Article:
Last week there was a survey sent around to Keene State College students via email. The purpose for the survey was “to obtain useful feedback from KSC students regarding their experiences with and their thoughts about the current Integrative Studies Program (ISP),” according to the introduction of the survey. The ISP Review Task Force was looking for students’ opinions on the program and also what students think they could do to improve the program.
I took the survey right away. I was completely honest in speaking how I felt about the program. The survey’s first couple questions dealt with in what year was the student taking the survey and then how many ISP credits the student had taken. If the student had answered any number over 0 for how many ISP courses taken, they were then asked to evaluate how effective the ISP courses they had taken were. The main focus for these questions were the ITW and IQL courses because those are the ones students usually take first.
My ITW and IQL courses were both very effective. In my ITW, Encountering Adulthood, I learned not only how to write a 10 page paper, but also learned how to think and write critically. I learned a lot about myself and others and recommend it for anyone who needs an ITW. My IQL, Baseball Through the Years, was also effective as it incorporated my love for baseball and the analysis of statistics. These courses were effective for me as I will be able to use what I obtained from these courses for the rest of my life.
After finding out how effective ISP courses are the survey then asked if students understand the program itself. With the program there are many requirements. As a first-year it may be hard to understand and my guess is that is what the task force is evaluating; what students, if any, are having trouble grasping the requirements of the program.
With the program students must take courses in different areas: ITW, IQL, Humanities (IH), Fine and Performing Arts (IA), Natural Science (IN), Social Science (IS), and Interdisciplinary (II). ITW and IQL are classes that students only have to take one course in each. Students must take two IH courses, one IA course, and then an additional IA or IH. For the program students also need two courses each in an IN and IS discipline. If the student thinks they are done, not quite. The last requirement is that they must complete two upper-level courses. They can take courses in any of the areas, however it must be a 300- or 400-level.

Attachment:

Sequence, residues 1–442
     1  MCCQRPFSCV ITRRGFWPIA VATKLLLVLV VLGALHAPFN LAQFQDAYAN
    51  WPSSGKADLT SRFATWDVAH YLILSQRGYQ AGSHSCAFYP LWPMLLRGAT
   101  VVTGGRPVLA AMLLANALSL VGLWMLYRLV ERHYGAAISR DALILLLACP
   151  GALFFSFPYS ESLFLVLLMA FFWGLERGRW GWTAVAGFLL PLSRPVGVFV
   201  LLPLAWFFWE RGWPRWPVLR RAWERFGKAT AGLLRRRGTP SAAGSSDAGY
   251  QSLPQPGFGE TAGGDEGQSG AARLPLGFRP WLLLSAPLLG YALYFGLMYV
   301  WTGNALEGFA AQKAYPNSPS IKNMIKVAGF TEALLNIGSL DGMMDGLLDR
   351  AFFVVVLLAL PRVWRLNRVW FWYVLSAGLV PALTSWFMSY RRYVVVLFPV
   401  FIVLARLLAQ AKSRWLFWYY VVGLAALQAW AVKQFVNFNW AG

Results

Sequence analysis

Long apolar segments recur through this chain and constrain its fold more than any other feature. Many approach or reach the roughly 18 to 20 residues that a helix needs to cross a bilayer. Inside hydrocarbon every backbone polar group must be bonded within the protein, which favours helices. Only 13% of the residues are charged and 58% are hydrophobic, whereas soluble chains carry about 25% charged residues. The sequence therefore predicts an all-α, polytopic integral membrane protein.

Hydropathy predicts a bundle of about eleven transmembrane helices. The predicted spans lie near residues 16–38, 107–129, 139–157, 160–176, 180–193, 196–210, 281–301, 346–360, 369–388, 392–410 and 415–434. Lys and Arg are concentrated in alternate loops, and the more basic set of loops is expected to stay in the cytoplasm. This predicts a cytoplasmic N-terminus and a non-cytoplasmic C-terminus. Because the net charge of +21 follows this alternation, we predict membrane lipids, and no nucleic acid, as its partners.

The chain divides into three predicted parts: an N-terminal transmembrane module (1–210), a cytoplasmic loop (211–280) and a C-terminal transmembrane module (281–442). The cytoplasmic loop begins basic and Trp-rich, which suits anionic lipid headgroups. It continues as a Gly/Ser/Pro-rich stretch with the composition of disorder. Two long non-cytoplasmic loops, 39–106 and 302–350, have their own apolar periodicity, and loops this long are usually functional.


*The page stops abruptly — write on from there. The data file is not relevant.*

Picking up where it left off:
Those are the requirements that each student must have in order to graduate from Keene State. Those requirements account for 48 credits. Once you declare a major there are also requirements for that major. I am a double major. Because I am an education major I must double major in another area. ISP courses are credits that the task force is hoping will help students in their future. What I wrote in my survey was that I felt the requirements other than ITW and IQL were unnecessary. As a student I am paying to go to college. I know what I want to do with my future, and I know what classes I have to take in order to better myself. Both my ITW course and my IQL have helped me greatly, as for the other areas (IH, IA, IN, IS, and II), I think the course load is too much.
As a double major, I don’t really have room for error in my scheduling if I want to graduate in four years. Trying to plan not only my education courses and my other major requirements, I have to also take into account the ISP courses. I planned my schedule out with my advisor my freshman year and so far it looks as though I will graduate on time. Another question the survey asked was whether there was someone who helped you understand the program. For me it was a little of both; I understood it and brought my schedule to my advisor and she looked it over.
I hope other students took this survey and responded regarding how they feel about the Integrative Studies Program. I basically said that if a student is unsure about what they want to do as a major, taking courses like ISPs are beneficial because they are taking classes in all areas. However, as someone who knows what I want to do I think the ISP courses are unnecessary.
Ellissa Coburn can be contacted at